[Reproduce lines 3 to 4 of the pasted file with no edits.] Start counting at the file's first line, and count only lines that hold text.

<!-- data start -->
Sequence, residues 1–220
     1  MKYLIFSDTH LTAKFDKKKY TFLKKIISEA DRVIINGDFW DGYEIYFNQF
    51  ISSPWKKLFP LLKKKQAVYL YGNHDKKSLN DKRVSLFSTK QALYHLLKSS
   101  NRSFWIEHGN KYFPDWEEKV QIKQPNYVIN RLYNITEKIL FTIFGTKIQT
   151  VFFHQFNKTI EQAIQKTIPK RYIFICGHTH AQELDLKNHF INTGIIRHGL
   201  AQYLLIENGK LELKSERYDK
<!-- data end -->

    51  ISSPWKKLFP LLKKKQAVYL YGNHDKKSLN DKRVSLFSTK QALYHLLKSS
   101  NRSFWIEHGN KYFPDWEEKV QIKQPNYVIN RLYNITEKIL FTIFGTKIQT